A grave dating to the 7th century BC has been discovered on the Greek island of Crete. Unique in the Greek world, one of two female skeletons was completely covered with 3,000 pieces of gold foil
Greek archaeologists have uncovered an ancient skeleton covered with gold in a grave near the ancient town of Eleutherna in central Crete.
Although some articles reporting this find have said the skeleton was covered with gold foil, excavator Nicholas Stampolidis has explained that the small pieces of gold, measuring up to 1.5 inches, had originally been been sewn onto a shroud covering the woman's body, yet that the cloth has meanwhile disintegrated.
In the most informative report on this find, the Canadian Press informs us that the woman, presumably of a high social or religious status, was buried with a second, as yet unidentified skeleton in a large jar that had been sealed with a stone slab weighing more than half a ton. Possibly in order to confuse grave robbers, It was hidden behind a false wall.
An Australian website also reported that, in addition, the grave contained a copper bowl, imported perfume bottles, hundreds of beads made of amber.
More interesting, however, is the fact that one also discovered a gold pendant in the form of a bee-shaped goddess, a well-known figure in Greek mythology and archeology which has roots in Minoan times. A similar yet older bee pendant (from 1,700 BC) has previously been found in ruins of the Minoan palace of Mallia, also on Crete.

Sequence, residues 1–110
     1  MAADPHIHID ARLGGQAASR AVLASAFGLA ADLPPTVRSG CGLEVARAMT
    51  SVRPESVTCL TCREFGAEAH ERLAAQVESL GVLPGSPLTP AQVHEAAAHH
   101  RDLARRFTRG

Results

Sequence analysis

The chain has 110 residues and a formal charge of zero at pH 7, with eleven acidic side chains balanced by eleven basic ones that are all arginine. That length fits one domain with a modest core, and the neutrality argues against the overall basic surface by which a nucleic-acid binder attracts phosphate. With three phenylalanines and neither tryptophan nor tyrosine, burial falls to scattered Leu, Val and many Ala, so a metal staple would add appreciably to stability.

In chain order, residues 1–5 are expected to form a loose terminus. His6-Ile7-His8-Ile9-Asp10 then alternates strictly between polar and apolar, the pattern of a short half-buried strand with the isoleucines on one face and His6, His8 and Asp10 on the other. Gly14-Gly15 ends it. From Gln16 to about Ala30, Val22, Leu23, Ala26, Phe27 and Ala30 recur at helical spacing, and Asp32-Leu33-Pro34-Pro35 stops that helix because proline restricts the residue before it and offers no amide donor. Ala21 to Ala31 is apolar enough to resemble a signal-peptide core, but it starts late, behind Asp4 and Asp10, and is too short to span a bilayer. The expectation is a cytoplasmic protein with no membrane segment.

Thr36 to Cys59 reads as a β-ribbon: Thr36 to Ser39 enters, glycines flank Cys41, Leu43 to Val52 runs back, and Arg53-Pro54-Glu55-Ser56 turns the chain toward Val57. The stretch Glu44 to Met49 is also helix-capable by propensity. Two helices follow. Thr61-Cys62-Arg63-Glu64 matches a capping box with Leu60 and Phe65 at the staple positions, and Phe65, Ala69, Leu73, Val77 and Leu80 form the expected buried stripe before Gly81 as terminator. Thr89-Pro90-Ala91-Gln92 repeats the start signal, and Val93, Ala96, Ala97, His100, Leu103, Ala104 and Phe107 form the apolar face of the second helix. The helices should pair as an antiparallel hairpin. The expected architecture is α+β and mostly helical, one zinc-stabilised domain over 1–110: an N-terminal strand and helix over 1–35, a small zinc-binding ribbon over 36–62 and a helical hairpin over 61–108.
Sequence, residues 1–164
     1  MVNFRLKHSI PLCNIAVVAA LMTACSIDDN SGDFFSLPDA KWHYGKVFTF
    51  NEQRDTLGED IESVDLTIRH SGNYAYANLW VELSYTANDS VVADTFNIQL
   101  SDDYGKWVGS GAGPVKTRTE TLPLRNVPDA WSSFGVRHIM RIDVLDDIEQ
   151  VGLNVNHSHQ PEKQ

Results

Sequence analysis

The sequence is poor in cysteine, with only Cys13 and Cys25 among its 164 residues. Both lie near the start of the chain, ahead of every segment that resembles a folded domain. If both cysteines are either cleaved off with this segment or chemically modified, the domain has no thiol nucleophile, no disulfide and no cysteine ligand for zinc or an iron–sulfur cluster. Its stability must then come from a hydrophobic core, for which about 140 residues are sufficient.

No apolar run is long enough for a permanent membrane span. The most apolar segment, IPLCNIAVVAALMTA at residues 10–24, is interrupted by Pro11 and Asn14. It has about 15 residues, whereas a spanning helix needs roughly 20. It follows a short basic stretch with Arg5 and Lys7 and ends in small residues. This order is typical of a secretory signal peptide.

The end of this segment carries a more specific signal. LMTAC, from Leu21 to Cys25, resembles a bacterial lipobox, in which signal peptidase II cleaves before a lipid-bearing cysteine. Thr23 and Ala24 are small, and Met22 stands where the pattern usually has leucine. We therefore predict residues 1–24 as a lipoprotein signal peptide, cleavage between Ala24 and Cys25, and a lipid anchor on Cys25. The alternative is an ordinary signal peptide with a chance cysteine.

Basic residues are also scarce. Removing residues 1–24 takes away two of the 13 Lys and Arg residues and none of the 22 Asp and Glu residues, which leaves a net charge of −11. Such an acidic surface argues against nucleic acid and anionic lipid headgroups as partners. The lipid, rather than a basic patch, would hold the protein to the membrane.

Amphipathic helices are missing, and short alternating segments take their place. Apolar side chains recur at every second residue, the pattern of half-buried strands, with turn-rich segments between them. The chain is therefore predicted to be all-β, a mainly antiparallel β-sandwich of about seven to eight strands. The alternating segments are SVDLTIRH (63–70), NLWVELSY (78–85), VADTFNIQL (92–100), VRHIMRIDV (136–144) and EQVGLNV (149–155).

Nicholas Stampolidis, who has been working at the site of the Orthi Petra necropolis near Eleutherna for 25 years, finding several ancient burials mostly containing female skeletons, in what is believed to be a whole clan of related priestesses. The Archaeological Institute of America described his work as follows: For a quarter century, Greek excavation director Nicholas Stampolidis and his dedicated team have been unearthing the untold stories of the people buried some 2,800 years ago in the necropolis of Orthi Petra at Eleutherna on Crete. Until now, the site has perhaps been best known for the tomb its excavators dubbed "A1K1," an assemblage of 141 cremated individuals, all but two of whom were aristocratic men who likely fell in battle in foreign lands.
Excavated between 1992 and 1996, this elaborate rock-cut tomb was brimming with fantastic burial goods that date from the ninth to the seventh century B.C., including bronze vessels, gold and silver jewelry, and military regalia, as literally befits the burial of Homeric war heroes. Now, two unprecedented discoveries since 2007--three lavish jar burials that contained the remains of a dozen related female individuals and a monumental funerary building where a high priestess and her protégés, also all related, were laid to rest--are adding to our knowledge of Eleutherna's women, and forcing the scholarly community to reevaluate their importance and role in the so-called "Dark Ages" of Greece.
The site of Orthi Petra is not yet open to the public.